04 Apr Are You a Sell-Out?
I must start by saying; it’s very unlikely when you start selling your work that you’ll be called a sell-out, most people understand that we all need to eat, even artists. So please don’t worry too much about it. But I do know that, no matter what we do, if we get a million positive comments and one negative one, we focus on the negative every time. I decided to write this piece after seeing a post on Facebook. It was in a group designed for artists to help each other (blind leading the blind might be more accurate). A brave poster decided to share his opinion; “You’re not a real artist if you do it just for the money”. I read the comments and what became clear was how many artists do still feel guilt and shame around earning money.
Michelangelo has been portrayed as a ‘struggling artist’, but a recent discovery shows that he amassed a fortune of nearly $47million. Monet, Jackson Pollock, Salvador Dali and many other famous artists throughout history made great money and no one complained for hundreds of years.
Van Gogh died broke. However, Van Gogh wasn’t trying to be broke, by all accounts he was just a terrible salesman. I believe that it’s his story that has shaped the traditional, (romantic) narrative of the ‘starving artist’, for whom money is not a consideration. A tortured soul, born to create. Making art for art’s sake. Whose ‘genius’ will probably only be recognised when they’re dead. I first started to notice this story, growing up in the 1980’s. I realised that if Hollywood wanted to portray a particular character as a loser, invariably, he was an artist or musician. I noticed that if a band had a song featured in a car advert they were labelled corporate shills by ex-fans. Folks were outraged that YBAs like Tracy Emmin were making money from an unmade bed. It was a tricky business and I grew up believing that art would forever be my hobby, never a career.
If you make money in 99% of careers, that’s seen as ‘success’. If you’re a doctor and you do it for the money, are you not a good doctor? The logic just doesn’t apply. It is my view that we should celebrate artists and musicians for getting recognition. After all, money for art allows you to make more art and there is no way to support a vision without commerce. I’d love to live in a world where money wasn’t needed, however, it’s the system we’ve all agreed to and if you want to do what you love, you’re going to have to be okay with getting paid to do it. Anyone telling you that’s a bad thing has their own issues to work through. It is my opinion that if no one gets hurt, HOWEVER you choose to earn your living is up to you. And really, if you sit in a job all day, hating your boss and waiting for home time, haven’t *you* sold out?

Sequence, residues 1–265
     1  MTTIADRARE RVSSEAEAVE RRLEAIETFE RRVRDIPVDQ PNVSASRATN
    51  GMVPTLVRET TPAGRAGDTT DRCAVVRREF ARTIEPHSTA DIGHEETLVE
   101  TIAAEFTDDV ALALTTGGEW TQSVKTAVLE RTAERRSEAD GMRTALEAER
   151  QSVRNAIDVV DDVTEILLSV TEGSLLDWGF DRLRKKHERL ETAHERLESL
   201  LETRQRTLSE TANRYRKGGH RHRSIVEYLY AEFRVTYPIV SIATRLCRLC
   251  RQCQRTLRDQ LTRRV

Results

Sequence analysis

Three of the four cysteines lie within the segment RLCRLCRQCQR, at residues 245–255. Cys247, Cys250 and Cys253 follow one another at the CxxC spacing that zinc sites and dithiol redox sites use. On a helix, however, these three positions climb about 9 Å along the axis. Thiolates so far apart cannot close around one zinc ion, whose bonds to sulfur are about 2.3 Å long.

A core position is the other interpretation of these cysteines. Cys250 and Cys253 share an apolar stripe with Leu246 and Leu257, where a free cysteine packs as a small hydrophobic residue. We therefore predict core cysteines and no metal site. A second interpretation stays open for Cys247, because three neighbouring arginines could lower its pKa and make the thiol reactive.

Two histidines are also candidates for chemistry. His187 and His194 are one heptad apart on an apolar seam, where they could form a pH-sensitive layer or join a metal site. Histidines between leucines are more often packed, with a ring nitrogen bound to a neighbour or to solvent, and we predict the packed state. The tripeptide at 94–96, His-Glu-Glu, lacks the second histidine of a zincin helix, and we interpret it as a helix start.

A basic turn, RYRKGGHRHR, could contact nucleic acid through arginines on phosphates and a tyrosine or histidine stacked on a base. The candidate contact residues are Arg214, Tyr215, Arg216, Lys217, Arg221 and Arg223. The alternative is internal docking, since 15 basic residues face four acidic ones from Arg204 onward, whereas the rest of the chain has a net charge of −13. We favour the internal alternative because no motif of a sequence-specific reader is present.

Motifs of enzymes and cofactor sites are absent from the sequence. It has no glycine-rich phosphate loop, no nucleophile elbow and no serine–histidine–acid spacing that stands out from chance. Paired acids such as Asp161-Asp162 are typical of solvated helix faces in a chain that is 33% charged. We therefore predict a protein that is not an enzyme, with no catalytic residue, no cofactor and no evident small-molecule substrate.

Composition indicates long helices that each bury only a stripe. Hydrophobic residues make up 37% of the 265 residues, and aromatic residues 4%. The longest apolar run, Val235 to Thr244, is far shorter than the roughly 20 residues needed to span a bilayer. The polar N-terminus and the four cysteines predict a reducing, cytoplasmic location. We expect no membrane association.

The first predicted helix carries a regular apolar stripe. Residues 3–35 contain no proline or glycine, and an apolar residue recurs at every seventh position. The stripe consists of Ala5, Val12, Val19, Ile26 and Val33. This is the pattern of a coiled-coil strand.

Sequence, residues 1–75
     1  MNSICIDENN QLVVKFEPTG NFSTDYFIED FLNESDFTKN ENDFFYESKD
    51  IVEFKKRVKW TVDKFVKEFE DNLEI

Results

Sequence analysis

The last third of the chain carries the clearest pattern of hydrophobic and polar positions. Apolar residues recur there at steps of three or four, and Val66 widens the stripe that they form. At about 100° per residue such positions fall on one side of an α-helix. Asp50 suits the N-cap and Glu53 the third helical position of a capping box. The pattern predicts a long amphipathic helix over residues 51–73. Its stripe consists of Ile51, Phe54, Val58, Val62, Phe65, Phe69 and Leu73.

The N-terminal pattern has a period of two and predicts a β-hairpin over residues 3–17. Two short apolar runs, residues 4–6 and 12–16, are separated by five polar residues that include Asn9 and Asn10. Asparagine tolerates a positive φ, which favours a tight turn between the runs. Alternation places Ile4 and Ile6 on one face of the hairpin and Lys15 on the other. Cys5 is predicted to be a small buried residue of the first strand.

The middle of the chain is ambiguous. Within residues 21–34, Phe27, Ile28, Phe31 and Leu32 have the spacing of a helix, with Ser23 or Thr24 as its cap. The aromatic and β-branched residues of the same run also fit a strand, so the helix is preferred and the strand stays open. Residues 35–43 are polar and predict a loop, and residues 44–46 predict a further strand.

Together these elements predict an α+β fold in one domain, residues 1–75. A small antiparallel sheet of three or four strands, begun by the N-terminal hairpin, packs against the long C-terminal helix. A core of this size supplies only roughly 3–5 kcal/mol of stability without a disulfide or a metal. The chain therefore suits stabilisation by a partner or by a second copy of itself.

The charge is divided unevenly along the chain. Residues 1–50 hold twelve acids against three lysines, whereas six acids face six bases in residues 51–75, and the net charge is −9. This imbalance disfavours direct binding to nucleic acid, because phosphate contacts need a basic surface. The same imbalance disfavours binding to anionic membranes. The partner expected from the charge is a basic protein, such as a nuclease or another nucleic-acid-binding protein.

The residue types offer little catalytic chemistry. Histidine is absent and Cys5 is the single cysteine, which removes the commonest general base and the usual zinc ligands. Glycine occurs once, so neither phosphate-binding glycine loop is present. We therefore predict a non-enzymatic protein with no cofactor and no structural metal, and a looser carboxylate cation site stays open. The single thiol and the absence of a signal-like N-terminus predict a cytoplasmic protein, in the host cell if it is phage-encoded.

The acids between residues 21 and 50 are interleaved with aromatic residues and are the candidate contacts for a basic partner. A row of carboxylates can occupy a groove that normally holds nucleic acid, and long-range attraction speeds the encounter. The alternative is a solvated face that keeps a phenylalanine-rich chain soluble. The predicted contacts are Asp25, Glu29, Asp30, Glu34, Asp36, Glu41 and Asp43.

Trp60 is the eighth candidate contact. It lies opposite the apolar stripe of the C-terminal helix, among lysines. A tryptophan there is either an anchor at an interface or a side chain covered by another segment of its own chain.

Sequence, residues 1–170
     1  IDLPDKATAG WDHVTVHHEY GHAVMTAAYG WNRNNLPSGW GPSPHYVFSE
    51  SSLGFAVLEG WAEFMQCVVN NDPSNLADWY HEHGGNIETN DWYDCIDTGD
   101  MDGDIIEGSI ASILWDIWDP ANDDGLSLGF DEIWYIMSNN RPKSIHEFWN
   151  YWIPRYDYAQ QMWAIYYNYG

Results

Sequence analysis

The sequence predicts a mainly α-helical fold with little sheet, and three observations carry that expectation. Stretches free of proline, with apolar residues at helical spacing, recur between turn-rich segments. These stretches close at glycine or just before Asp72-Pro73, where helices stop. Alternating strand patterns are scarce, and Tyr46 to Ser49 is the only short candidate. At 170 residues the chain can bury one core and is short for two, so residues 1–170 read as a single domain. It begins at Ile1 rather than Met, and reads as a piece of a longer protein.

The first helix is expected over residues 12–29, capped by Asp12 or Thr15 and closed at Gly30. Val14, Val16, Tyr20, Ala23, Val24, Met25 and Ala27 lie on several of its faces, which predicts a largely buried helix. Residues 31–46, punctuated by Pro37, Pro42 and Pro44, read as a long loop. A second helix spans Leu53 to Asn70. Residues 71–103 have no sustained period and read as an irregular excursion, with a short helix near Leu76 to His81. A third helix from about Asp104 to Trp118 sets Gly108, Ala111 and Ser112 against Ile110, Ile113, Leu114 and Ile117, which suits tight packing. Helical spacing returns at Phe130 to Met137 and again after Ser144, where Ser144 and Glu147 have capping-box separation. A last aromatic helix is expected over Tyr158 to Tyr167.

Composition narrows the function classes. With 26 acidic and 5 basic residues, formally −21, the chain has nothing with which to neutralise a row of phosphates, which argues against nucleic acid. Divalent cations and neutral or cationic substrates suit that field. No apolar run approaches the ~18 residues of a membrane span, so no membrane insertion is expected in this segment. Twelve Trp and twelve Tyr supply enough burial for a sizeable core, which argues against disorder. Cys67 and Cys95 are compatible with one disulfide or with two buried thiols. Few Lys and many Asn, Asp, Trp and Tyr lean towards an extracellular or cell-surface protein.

I spoke at an event recently and during Q&A I was asked about my past; painting illegal graffiti. “You used to make rebellious art without permission and now you work with brands, do you worry that you’ve…” she paused, “sold out?” I piped in. The answer was; ‘no’. I used to work a crap job that I hated, doing what I loved during evenings and weekends. I painted illegally because I had no choice – legal areas in London were gradually being shut down. Graffiti at that time was not a career option. As I paid my dues and became a better artist things gradually began to change and it got to the stage where I could just about support myself with art commissions. I knew several talented artists were facing prison sentences for making art where they shouldn’t and realised that I could help. I understood marketing a lot better than they did and in creating our company Graffiti Life I could help them pay their rent each month by utilising their skills. Today Graffiti Life has 13 employees and works regularly with a team of over 10 freelance artists. Every commission we get helps these amazing creatives provide for their families. I love what I do, I’m proud of the money we make and what that money allows my team to do.
Working with brands allows us to dedicate time to causes that we care about. When our studio rent is taken care of by an advertising mural or design work for a big brand we are able to spend time painting walls for WWF, the Mental Health Foundation and other organisations that we care about. In days gone by many artists would be backed by a patron, someone who supported an artist financially. Today I was alerted to this article in the Atlantic, arguing that brands are the new patrons. The article states; “With the diminishing impact of traditional advertising, companies are seeking new ways to capture the attention and goodwill of the public.” Brands need artists more than ever and in my opinion, they can offer a lot to those that they chose to work with. I’ll end with the words of my hero Henry Rollins because he can sum it all up better than I ever could:
“Of course the ad is trying to sell you something and by using a band you like, attempting to gain your confidence by exploiting the band’s integrity for a commercial end. So what? You’re not a fuckin’ moron are ya? You see through that, don’t ya?
Do you have any idea what some of these bands went through to make that music? The fact that there might be some money for them all these years later is great.
You think that paycheck is in any way a slight to their integrity? Are you fucking kidding me? Pay them. Pay them double. Pay them now. It’s about fuckin’ time.”